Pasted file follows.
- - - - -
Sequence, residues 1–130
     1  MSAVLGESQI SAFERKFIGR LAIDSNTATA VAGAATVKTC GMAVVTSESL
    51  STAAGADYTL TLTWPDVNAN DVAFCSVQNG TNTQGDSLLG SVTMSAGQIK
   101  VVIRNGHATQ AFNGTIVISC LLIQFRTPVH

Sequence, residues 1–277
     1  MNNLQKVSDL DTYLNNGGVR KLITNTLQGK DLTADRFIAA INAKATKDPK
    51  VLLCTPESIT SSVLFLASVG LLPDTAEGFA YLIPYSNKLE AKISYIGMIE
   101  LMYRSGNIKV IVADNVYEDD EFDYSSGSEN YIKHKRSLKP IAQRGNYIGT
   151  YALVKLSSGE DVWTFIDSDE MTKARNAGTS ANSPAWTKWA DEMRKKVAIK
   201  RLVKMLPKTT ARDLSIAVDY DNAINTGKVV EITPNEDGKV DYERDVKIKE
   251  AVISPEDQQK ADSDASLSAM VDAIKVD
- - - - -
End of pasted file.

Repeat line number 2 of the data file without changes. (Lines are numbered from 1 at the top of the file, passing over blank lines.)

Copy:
     1  MSAVLGESQI SAFERKFIGR LAIDSNTATA VAGAATVKTC GMAVVTSESL